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Vital Signs

Remaking Conservatism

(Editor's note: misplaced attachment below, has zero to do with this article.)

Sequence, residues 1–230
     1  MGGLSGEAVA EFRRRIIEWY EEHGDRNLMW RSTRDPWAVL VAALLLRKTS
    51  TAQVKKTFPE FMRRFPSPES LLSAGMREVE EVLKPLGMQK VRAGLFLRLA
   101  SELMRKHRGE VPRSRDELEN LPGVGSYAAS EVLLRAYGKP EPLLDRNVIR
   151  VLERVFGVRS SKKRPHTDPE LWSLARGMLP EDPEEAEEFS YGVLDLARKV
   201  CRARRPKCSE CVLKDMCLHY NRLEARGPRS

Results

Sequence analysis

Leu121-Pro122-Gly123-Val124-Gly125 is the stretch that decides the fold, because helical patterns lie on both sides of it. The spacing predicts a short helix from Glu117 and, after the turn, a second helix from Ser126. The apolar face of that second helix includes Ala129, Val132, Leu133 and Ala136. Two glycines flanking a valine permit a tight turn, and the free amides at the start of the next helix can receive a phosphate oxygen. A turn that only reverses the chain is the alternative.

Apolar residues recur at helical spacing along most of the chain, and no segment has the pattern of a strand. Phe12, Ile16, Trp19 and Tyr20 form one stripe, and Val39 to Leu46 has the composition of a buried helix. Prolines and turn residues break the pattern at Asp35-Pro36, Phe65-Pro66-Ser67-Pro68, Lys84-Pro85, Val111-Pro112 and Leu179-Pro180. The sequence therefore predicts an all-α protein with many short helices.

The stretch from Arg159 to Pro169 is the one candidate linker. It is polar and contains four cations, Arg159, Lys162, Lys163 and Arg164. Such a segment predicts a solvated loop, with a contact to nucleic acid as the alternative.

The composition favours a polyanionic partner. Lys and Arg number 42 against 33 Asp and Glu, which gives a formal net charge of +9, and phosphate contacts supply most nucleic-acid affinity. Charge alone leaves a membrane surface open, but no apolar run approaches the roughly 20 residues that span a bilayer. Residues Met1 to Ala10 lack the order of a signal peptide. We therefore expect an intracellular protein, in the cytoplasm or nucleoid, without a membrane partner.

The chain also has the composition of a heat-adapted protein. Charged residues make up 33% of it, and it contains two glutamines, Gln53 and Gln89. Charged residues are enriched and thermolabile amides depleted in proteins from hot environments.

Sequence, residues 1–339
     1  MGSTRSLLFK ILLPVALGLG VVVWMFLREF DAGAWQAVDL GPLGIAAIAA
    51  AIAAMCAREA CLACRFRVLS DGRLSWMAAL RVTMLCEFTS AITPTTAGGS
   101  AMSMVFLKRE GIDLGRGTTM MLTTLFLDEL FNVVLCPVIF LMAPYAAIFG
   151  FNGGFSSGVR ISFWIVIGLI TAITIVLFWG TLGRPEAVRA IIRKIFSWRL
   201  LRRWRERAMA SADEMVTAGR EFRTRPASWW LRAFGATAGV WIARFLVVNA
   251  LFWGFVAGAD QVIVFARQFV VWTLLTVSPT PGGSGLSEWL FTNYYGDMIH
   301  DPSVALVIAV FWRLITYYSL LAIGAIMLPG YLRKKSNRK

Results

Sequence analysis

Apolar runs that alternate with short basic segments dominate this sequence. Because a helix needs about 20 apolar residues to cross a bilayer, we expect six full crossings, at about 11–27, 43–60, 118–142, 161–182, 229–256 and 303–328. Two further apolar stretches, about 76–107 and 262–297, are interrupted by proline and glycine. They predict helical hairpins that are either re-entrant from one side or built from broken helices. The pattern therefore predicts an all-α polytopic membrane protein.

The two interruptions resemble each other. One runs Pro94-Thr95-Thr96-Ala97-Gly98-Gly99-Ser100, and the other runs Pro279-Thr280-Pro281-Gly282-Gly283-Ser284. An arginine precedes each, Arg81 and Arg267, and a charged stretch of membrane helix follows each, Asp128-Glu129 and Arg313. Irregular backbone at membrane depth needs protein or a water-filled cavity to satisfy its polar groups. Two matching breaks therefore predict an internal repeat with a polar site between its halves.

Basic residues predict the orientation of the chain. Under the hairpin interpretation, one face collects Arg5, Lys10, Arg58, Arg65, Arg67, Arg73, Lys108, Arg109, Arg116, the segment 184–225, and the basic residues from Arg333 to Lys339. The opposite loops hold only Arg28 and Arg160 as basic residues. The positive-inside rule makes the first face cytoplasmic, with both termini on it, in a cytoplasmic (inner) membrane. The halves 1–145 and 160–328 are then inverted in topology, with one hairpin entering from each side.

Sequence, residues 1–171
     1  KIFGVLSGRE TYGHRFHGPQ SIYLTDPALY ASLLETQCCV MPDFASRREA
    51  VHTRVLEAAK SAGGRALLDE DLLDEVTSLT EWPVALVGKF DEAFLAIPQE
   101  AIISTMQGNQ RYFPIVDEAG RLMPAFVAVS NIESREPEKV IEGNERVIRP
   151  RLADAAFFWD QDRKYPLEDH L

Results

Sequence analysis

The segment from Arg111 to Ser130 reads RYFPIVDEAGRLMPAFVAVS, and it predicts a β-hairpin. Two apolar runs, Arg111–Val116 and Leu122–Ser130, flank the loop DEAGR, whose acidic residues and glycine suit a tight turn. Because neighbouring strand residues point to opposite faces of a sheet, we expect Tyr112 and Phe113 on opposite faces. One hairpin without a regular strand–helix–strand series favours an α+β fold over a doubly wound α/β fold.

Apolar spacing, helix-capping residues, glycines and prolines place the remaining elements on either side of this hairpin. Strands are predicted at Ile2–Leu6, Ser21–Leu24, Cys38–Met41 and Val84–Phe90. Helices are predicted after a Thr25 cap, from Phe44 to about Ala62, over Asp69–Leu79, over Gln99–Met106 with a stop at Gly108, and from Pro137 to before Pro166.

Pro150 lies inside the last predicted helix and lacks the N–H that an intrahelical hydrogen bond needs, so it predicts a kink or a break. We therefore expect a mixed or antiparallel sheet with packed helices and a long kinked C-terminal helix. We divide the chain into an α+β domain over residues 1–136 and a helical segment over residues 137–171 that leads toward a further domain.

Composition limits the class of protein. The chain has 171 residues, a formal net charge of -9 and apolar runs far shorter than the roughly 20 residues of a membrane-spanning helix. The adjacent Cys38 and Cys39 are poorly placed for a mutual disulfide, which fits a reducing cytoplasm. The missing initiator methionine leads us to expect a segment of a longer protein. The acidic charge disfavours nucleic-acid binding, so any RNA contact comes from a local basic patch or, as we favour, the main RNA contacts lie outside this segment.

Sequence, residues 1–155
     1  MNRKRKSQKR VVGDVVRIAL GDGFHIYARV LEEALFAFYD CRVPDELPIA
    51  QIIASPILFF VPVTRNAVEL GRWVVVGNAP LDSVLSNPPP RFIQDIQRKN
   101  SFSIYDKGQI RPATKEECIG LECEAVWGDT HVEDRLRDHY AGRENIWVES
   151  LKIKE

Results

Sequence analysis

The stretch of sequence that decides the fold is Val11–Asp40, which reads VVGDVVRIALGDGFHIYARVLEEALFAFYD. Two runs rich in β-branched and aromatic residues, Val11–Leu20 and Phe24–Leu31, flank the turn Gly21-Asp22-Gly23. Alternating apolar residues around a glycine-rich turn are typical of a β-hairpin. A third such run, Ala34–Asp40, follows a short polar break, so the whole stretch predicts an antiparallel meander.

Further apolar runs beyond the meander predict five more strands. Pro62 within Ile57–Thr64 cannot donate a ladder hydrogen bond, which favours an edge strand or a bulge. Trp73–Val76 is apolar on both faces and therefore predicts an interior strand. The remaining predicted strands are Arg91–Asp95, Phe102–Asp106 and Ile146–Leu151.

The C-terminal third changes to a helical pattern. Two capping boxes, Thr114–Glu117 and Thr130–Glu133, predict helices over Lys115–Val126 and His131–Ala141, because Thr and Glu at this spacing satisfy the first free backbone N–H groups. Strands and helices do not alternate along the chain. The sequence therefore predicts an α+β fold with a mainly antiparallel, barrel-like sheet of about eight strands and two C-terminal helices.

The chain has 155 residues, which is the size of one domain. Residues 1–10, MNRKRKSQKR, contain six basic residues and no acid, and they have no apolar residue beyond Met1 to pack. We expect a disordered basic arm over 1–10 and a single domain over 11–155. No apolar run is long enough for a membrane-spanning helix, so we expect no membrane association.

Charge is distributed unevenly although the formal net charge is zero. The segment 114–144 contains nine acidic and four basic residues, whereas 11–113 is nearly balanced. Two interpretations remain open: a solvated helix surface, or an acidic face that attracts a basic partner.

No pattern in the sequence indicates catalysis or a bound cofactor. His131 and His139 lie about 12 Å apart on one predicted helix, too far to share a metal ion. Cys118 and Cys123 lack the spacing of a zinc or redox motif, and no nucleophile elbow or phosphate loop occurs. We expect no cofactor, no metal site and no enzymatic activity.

Charles Kesler, in an otherwise unremarkable essay in the Claremont Review of Books (Summer 2009), argues that an effective response to the challenges of modern liberalism requires a revolution within conservatism.  He says a reformation on the right must involve a “return to the principles of the Declaration of Independence and Constitution” as interpreted by President Lincoln.  Like all good West Coast Straussians, Kesler follows his mentor Harry Jaffa, who boldly defied the conservative consensus that regarded Abraham Lincoln not as a conservative icon but as a consolidator of federal power at the expense of state sovereignty.  Conservative calls to resist the federal encroachment on states’ rights with threats of secession are “boneheaded” because they are “un-Lincolnian.”  Kesler predictably discourages invoking the Tenth Amendment because it was used to resist civil-rights legislation in the 1950’s and afterward.  His preference for the preamble of the Declaration of Independence over the supposedly tainted Tenth Amendment is further evidenced by his criticism of Southern conservatives who defend a “radical view of states’ rights” against “human or natural rights.”  Furthermore, he reprimands Anglo-American conservatives who try to “expunge all abstract doctrines of equality and revolution from our political life.”  Ultimately,...

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